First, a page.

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Medication communication between nurses and doctors for paediatric acute care: An ethnographic study

Borrott, N; Kinney, S; Newall, F; Williams, A; Cranswick, N; Wong, I; Manias, E; (2017) Medication communication between nurses and doctors for paediatric acute care: An ethnographic study. Journal of Clinical Nursing , 26 (13-14) pp. 1978-1992. 10.1111/jocn.13606. Green open access

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Abstract

AIMS AND OBJECTIVES: To examine how communication between nurses and doctors occurred for managing medications in inpatient paediatric settings. BACKGROUND: Communication between health professionals influences medication incidents' occurrence and safe care. DESIGN: An ethnographic study was undertaken. METHODS: Semi-structured interviews, observations and focus groups were conducted in three clinical areas of an Australian tertiary paediatric hospital. Data were transcribed verbatim and thematically analysed using the Medication Communication Model. RESULTS: The actual communication act revealed professionals' commitment to effective medication management and the influence of professional identities on medication communication. Nurses and doctors were dedicated to providing safe, effective medication therapy for children, within their scope of practice and perceived role responsibilities. Most nurses and junior doctors used tentative language in their communication while senior doctors tended to use direct language. Irrespective of language style, nurses actively engaged with doctors to promote patients' needs. Yet, the medical hierarchical structure, staffing and attendant expectations influenced communication for medication management, causing frustration among nurses and doctors. Doctors' lack of verbal communication of documented changes to medication orders particularly troubled nurses. Nurses persisted in their efforts to acquire appropriate orders for safe medication administration to paediatric patients. CONCLUSIONS: Collaborative practice between nurses and doctors involved complex, symbiotic relationships. Their dedication to providing safe medication therapy to paediatric patients facilitated effective medication management. At times, shortcomings in inter-disciplinary communication impacted on potential and actual medication incidents. RELEVANCE TO CLINICAL PRACTICE: Understanding of the complexities affecting medication communication between nurses and doctors helps to ensure inter-professional respect for each other's roles and inherent demands. Interdisciplinary education delivered in health care organisations would facilitate greater clarity in communication related to medications. Encouraging the use of concise, clear words in communication would help to promote improved understanding between parties, and accuracy and efficacy of medication management. This article is protected by copyright. All rights reserved.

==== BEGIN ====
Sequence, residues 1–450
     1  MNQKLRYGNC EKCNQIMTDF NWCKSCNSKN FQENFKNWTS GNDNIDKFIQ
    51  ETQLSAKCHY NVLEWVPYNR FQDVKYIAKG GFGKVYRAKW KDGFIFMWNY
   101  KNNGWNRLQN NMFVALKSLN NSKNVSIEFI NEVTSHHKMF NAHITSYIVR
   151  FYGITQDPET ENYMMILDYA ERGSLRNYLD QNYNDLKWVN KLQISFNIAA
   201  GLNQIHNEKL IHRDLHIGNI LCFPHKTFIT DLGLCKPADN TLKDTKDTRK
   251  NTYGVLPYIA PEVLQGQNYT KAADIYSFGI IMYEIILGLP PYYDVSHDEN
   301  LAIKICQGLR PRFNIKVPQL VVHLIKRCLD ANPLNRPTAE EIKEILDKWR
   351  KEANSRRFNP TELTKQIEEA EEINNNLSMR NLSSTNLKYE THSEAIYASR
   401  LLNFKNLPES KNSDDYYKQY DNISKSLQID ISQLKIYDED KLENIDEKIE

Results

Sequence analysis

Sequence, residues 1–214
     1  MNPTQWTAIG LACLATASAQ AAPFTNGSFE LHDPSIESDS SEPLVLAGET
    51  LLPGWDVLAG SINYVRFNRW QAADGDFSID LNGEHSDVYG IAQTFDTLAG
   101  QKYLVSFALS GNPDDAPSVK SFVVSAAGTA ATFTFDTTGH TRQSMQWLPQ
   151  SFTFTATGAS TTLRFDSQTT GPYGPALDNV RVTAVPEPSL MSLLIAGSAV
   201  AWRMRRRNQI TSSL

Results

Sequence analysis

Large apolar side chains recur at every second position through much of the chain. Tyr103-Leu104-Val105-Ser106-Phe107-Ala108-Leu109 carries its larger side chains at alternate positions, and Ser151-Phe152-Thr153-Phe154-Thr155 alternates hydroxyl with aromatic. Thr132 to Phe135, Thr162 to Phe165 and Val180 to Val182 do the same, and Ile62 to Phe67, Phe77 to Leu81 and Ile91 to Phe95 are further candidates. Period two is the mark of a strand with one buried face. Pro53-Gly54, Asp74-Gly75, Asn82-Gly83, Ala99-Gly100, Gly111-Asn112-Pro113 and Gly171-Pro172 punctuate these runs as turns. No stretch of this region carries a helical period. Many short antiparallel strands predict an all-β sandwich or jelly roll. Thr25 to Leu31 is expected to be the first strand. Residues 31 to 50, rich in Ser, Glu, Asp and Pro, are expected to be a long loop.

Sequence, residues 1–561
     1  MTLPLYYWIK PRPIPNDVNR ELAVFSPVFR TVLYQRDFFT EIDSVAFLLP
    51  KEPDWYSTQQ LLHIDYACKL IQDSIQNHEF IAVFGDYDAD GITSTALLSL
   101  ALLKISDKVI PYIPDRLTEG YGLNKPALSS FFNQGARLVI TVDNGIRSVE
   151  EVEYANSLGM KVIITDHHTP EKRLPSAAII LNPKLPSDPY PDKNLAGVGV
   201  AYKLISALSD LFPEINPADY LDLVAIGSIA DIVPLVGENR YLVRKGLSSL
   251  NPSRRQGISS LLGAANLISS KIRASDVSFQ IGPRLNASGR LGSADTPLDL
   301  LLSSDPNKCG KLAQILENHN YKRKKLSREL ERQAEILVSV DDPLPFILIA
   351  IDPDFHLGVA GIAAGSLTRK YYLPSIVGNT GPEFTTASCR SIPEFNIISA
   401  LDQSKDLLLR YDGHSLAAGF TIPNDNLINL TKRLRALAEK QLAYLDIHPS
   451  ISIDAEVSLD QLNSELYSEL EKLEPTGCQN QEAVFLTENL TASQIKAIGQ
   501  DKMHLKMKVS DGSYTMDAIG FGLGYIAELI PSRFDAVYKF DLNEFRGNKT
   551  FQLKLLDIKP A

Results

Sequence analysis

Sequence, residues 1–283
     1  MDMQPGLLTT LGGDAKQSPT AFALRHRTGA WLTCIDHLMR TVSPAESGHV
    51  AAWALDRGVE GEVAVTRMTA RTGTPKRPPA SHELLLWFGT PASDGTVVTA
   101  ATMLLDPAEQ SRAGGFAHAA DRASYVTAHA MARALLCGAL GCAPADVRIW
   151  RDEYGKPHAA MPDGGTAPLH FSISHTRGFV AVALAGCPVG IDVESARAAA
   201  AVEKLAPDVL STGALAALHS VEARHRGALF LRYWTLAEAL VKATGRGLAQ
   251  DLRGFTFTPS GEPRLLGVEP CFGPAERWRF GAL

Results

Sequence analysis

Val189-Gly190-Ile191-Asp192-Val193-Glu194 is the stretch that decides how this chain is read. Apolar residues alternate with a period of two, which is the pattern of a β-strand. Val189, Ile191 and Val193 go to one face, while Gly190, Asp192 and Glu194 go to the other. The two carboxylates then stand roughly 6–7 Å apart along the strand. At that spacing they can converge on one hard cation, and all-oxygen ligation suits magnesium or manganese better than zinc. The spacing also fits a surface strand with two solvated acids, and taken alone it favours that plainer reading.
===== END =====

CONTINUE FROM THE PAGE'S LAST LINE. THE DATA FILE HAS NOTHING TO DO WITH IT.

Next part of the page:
Type: Article
Title: Medication communication between nurses and doctors for paediatric acute care: An ethnographic study
Location: England
Open access status: An open access version is available from UCL Discovery
DOI: 10.1111/jocn.13606
Publisher version: http://dx.doi.org/10.1111/jocn.13606
Language: English
Additional information: This is the peer reviewed version of the following article: Journal of Clinical Nursing, which has been published in final form at http://dx.doi.org/10.1111/jocn.13606. This article may be used for non-commercial purposes in accordance with Wiley Terms and Conditions for Self-Archiving.
Keywords: collaborative practice, communication, ethnography, inter-professional interactions, language, medication communication, medication management, paediatrics, patient safety
UCL classification: UCL > Provost and Vice Provost Offices
UCL > Provost and Vice Provost Offices > School of Life and Medical Sciences
UCL > Provost and Vice Provost Offices > School of Life and Medical Sciences > Faculty of Life Sciences
UCL > Provost and Vice Provost Offices > School of Life and Medical Sciences > Faculty of Life Sciences > UCL School of Pharmacy
UCL > Provost and Vice Provost Offices > School of Life and Medical Sciences > Faculty of Life Sciences > UCL School of Pharmacy > Practice and Policy
URI: http://discovery.ucl.ac.uk/id/eprint/1522192
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